Saturday, 17 January 2009


Currently working on creating a 4pp magazine spread, based on a typeface randomly assigned to me. This typeface is 'Erbar', by Jakob Erbar. We have to write between 200 and 400 words on this typeface, and then set it out across the four pages. Black and white, typographic work only.
Here is what I have written, pretty heavily based on my references, but totally reworked, and with quite a few of my own ideas and thoughts.

""My aim", wrote Jakob Erbar, "was to design a printing type which would be free of all individual characteristics, possess thoroughly legible letterforms, and be a purely typographic creation."

Jakob Erbar was born in 1878. After training as a type compositor in Dusseldorf, and studying type under Fritz Helmut Ehmcke and Anna Simons, he spent most of his life working and teaching in Cologne.

The typefaces he designed were Feder Grotesk (1910), Koloss (1923) and Candida (1936), but his most notable creation was his eponymous typeface Erbar, and it's variants (Lucina, Lumina, Lux and Phosphor), which he created between 1922 and 1930.
It was based on the most basic geometric elements - line, the circle and the arc. Other designers took these ideas on, such as Rudolf Koch with his 'Kabel', and probably most well known, Paul Renner's Futura, but Erbar was the first on the field with these ideas.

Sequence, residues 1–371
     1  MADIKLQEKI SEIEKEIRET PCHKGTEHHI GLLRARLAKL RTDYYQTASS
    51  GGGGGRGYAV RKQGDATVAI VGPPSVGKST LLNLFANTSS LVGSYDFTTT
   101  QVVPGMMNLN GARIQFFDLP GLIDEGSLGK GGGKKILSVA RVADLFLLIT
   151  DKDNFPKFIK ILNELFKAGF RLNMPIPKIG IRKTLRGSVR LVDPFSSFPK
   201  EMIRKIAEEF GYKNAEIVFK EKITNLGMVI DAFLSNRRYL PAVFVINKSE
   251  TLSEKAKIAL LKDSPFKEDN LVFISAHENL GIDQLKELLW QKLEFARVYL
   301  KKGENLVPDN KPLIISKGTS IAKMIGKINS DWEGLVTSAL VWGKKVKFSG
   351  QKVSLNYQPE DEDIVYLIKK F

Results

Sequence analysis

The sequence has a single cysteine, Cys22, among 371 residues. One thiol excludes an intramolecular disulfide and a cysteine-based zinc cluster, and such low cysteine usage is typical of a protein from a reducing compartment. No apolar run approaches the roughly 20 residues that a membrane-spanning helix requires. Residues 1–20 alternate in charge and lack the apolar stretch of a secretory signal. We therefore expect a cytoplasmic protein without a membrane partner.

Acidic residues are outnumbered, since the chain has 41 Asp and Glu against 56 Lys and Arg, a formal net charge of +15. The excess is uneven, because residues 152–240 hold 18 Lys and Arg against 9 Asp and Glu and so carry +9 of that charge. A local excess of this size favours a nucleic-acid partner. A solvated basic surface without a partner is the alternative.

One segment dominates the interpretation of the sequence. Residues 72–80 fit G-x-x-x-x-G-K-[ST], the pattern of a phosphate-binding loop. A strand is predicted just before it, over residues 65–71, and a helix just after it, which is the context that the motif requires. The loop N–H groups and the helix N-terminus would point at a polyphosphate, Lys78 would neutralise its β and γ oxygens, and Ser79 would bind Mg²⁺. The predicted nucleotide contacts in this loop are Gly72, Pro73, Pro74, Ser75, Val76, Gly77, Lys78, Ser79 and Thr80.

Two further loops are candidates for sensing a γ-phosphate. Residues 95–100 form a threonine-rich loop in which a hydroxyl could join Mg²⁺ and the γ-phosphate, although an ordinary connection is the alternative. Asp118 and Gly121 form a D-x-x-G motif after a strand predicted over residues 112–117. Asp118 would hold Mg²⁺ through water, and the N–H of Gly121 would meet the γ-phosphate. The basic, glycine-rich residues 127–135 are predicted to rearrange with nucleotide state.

The typeface is no longer available in digital versions, as it has been superseded by Renner's Futura, however, this typeface should not be overlooked, as it is a beautiful Sans Serif. With many letters based around the circle form, the whole alphabet has a harmony and unity - it is clear to see the same curves and lines being used in as many letters as possible. Yet despite his claim of trying to create a printing type 'Free of all individual characteristics', the tail of both upper and lower case 'Y's is distinctly unusual, following the pattern of the 'Z', and the cross strokes of both the lower case 'f' and 't' cut off at 45 degree angles.

Interestingly, he designed two Erbars, both with different X-heights, and, as previously mentioned, took the family further with it's variants, Lucina - a set of white on black capitals, Lux - a version with contrasting outlines, and Phosphor - an inline version of the bold Erbar weight. None of these are available in digital formats, but may still be found in metal type in some letterpress workshops.

Erbar is an underrated and underused type, despite Futura's quality, Erbar represents an exciting period of German type design and innovation, and deserves more recognition."

'An A-Z of Type Designers' by Neil MacMillan
'Letters of Credit' by Walter Tracy
'The Thames and Hudson Manual of Typography' by Ruari McLean

Above is an example of Erbar.

1 comment:

jenny. said...

Yay, you found some info!! Woohoo.